Evaluation of Outcomes of a Single-Sex Educational Program at an Elementary School
Hopkins, Angelina W.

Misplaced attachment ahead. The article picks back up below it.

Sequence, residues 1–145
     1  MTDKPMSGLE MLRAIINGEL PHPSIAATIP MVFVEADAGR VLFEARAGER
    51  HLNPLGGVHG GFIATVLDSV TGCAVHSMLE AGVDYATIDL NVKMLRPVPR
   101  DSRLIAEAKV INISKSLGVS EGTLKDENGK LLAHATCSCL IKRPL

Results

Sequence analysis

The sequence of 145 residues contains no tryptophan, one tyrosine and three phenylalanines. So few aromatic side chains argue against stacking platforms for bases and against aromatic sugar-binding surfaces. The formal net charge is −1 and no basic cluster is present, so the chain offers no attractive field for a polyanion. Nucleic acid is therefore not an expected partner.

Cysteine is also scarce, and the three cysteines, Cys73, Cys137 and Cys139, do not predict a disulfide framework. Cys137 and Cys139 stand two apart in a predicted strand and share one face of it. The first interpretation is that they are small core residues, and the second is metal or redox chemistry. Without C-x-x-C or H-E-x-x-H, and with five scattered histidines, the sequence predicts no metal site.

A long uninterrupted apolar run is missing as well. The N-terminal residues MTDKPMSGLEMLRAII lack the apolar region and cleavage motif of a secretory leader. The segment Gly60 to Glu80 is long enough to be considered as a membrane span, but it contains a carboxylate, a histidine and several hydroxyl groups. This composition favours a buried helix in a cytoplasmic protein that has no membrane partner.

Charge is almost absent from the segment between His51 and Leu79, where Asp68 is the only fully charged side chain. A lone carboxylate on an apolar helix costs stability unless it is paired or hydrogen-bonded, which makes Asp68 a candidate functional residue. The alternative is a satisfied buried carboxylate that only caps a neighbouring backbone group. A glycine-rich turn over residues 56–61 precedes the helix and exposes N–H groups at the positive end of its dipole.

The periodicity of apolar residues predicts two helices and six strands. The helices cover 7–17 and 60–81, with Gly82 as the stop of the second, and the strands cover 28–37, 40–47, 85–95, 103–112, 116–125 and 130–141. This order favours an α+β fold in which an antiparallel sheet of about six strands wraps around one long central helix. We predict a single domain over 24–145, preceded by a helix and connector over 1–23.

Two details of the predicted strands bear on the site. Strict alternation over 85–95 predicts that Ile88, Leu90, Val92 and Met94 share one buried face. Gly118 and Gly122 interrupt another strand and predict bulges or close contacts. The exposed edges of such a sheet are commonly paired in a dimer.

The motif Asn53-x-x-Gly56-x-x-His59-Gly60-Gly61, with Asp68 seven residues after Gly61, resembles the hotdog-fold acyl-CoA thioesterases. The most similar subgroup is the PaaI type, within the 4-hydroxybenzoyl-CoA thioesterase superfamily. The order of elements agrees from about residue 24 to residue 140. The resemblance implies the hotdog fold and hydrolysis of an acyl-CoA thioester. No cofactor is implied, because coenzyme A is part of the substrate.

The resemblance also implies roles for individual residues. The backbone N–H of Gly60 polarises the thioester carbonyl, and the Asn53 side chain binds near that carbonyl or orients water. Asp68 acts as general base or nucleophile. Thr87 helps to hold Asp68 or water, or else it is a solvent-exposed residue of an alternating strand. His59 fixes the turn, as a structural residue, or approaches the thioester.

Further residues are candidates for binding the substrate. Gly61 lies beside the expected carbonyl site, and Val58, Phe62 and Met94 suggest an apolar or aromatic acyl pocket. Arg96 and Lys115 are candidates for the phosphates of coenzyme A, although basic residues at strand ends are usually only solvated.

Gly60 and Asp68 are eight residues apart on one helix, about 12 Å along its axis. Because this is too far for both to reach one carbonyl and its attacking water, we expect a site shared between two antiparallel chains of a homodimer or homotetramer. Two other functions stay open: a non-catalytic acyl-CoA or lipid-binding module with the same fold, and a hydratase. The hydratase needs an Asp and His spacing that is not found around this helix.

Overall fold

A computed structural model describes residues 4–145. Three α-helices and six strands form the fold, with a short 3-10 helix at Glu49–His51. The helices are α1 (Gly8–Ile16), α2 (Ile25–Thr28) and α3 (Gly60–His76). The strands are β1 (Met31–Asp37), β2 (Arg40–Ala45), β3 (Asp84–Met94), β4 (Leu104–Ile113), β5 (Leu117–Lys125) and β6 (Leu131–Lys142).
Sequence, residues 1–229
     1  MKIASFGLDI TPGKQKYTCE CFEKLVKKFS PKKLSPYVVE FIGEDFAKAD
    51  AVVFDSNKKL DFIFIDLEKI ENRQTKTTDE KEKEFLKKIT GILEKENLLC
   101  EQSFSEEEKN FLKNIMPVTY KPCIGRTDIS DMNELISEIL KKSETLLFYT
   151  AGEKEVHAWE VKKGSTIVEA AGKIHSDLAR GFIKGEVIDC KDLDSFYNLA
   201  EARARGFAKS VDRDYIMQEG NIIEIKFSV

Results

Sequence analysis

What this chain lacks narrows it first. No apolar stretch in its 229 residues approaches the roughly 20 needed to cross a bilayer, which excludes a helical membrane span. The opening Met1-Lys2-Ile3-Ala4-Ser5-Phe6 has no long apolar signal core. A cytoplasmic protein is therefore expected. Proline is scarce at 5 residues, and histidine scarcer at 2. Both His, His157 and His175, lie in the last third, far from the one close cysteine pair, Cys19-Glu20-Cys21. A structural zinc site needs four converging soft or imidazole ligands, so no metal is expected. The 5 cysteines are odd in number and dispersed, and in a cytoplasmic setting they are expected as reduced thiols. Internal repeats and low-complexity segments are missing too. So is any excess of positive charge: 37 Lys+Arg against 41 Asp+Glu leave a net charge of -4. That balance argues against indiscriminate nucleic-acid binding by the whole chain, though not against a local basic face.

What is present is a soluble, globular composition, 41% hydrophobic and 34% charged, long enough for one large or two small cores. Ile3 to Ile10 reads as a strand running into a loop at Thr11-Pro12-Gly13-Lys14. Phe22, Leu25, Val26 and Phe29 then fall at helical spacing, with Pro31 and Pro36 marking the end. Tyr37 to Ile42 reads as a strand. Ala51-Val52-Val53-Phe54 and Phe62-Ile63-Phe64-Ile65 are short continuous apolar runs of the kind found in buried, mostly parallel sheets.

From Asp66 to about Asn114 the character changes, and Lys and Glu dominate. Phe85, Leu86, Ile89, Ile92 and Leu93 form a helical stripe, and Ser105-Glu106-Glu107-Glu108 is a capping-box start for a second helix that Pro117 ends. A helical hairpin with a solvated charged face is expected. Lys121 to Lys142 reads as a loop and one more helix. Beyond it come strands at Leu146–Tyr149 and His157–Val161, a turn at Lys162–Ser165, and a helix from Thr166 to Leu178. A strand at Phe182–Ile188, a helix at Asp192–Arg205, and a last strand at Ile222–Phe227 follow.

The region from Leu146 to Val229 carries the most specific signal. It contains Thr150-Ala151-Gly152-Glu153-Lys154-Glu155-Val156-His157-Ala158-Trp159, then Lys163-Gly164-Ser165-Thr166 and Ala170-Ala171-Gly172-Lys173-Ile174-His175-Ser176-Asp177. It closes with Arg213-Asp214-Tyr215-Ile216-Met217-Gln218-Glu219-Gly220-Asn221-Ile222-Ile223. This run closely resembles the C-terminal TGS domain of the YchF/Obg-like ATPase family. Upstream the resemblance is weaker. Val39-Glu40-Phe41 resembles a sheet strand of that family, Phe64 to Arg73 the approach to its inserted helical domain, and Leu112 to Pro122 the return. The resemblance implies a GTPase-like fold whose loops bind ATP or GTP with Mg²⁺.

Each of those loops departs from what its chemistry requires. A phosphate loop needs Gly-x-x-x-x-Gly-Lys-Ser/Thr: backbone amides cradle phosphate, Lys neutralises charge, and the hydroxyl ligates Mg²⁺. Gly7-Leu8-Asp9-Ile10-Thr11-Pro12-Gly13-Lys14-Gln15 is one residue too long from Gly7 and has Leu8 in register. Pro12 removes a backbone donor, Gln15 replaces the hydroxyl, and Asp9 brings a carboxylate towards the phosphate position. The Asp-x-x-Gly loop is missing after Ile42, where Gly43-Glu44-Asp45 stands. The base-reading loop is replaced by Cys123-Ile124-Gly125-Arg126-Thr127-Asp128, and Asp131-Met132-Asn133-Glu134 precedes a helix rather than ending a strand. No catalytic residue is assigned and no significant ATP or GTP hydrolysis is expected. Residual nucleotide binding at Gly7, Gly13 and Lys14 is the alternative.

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The purpose of this research was to evaluate outcomes of a single-sex program at an elementary school in Portsmouth, Virginia. Evaluation criteria were (girls' and boys' feelings about being grouped into single-sex education and coeducational classes, (teaching behaviors, (3) student achievement, (4)student attendance, and (5) student misbehaviors. There were four measures of feelings in this study: feelings about the teacher, feelings about relationships with classmates, feelings about school work, and feelings about the classroom climate. Four one-way ANOVAs with Scheffe's post-hoc comparisons were conducted. Results of the post-hoc analyses revealed that the single-sex male class had more positive feelings about the classroom climate than the single-sex female class. Teaching behaviors were evaluated through the use of the Hopkins Observation Report Form. Teaching behaviors in two single-sex classrooms and coeducational classrooms were observed and reported using one-way ANOVAs in three areas: interaction, influence, and non-verbal messages. No differences were found in the frequency of teaching behaviors used in single-sex and coeducational classes in any of the areas. Student achievement was evaluated using pre- and post-test scores from the Tests for Higher Standards by Flanagan and Mott (1999). The single-sex female, single-sex male, & coed A classes had higher science scores than students in the coed B class. Students in the single-sex male and single-sex female classes had higher social studies scores than the students in the coed B and coed A classes. No differences were found in the performance of the three class types on the math achievement test. A one-way analysis of variance was conducted to identify differences in absences among the four class groups. Results of Scheffe's post-hoc comparisons showed a difference in absences between the coed A class and the single-sex female class, the single-sex male class, and the coed B class. In all cases the coed A class had more absences per student. Student misbehavior was reported in four categories: (1) opposition to authority, (2) disrespect, (3) disturbance to the class and peers, and (4) altercation. More misconduct referrals were reported from the two coeducational classes when their data were combined.
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